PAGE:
|Adult Male House Sparrow|
|The Colour Rings used for my RAS Project|
It is the peak breeding season for House Sparrows at present, and I had timed this visit in the hope that the first broods had fledged. We set six nets, around the farm buildings in locations that have previously proven to be good capture sites. Our first bird was a Carrion Crow, a species that I had not trapped at the site until last year, and now have ringed four. I think this reflects the number of birds present around the farm, which has increased dramatically in recent years. The next birds were a couple of Dunnocks and then we started catching sparrows. It was now 6:30 and the farm opened to the public at 10, so we had three hours to ring.
It was a productive session that resulted in a total of 36 birds, of which 27 were House Sparrows. The total was made up of eight re-traps and 19 new birds, of which 15 were juveniles. Both adult and juvenile sparrows have a complete moult post breeding/fledging, therefore usually all wing and tail feathers will be replaced. Typically this will commence later in the season for adult birds, since they can have two or three broods. However, juvenile birds commence moulting in mid June, these will be the first broods.
|Juvenile Male House Sparrow - note the white patch behind the eye and|
rufous feathers coming through, more rufous feathers were present in the wing.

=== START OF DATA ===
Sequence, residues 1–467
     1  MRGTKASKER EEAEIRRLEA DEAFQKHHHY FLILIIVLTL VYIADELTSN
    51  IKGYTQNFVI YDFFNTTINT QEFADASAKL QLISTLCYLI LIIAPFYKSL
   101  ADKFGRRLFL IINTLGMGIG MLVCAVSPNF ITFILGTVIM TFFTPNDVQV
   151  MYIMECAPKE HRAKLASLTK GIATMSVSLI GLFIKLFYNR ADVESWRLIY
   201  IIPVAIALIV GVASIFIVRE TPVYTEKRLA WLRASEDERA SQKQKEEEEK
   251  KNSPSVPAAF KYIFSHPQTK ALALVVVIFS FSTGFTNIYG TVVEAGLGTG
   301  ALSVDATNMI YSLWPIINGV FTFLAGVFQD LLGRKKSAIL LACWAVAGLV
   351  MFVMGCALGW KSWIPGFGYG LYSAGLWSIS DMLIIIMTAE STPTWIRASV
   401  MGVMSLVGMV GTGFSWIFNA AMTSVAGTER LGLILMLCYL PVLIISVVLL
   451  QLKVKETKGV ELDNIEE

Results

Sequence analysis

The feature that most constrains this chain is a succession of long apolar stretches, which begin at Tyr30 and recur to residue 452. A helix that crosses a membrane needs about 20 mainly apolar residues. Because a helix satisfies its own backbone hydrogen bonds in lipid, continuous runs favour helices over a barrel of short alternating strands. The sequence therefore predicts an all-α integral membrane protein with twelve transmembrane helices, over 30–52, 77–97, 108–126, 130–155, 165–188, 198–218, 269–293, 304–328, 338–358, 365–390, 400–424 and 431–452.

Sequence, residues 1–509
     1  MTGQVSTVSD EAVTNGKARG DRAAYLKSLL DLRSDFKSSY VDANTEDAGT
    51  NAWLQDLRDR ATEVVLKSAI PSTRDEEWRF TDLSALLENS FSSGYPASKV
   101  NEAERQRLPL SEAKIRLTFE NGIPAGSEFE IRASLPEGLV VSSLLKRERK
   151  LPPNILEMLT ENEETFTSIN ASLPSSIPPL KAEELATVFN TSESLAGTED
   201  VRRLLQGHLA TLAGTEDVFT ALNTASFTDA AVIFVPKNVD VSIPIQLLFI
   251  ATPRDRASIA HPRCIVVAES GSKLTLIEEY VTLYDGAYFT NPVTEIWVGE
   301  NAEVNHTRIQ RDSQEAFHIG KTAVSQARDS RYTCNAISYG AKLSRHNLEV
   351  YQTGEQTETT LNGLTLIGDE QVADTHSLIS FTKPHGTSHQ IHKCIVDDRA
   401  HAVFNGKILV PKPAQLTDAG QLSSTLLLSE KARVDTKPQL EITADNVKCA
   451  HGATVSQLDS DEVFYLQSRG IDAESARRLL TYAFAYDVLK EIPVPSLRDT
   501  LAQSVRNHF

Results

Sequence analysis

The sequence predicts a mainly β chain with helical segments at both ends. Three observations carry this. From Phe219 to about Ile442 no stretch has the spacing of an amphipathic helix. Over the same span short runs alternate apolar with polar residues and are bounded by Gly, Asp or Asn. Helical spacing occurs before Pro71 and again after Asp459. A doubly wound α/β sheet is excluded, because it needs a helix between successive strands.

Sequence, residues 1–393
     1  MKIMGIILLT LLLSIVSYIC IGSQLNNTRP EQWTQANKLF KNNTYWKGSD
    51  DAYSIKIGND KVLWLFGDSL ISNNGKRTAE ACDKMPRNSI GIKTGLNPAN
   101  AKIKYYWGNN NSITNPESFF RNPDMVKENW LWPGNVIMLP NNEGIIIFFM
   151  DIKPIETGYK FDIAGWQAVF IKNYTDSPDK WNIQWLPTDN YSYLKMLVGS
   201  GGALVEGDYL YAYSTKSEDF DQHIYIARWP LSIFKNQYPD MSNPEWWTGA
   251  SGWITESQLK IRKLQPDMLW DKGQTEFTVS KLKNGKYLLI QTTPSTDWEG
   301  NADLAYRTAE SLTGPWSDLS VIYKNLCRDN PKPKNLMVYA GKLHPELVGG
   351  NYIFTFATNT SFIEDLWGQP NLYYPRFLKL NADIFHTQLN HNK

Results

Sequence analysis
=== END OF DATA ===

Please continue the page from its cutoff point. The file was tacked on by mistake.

Of the birds we caught, five were in primary moult. This was generally not very advanced in that only the innermost primary had been replaced and the next was growing; all of the other feathers were old. One individual was in a curious state in that it had replaced all of its primaries, primary coverts and greater coverts, and only some of its tertials and secondaries (see below). It will be interesting to see how this bird progresses its moult, so hopefully I will catch it again over the next couple of weeks.
|Wing of Juvenile House Sparrow|
During the session we also caught a few other species that are breeders at the site; Wren, Blackbird and a couple of Greenfinches. The female was very tatty, but the adult male was still relatively fresh which was quite surprising for this time of year.
|Adult Male Greenfinch|
The only other species ringed was a juvenile Robin. I always say to my trainees that when you have a bird of a known age it is worth looking at features, such as tail feather shape and size, shape and colour of tips of greater coverts, so that they are familiar with the features when they catch a contentious bird. There was certainly no doubting this Robins age.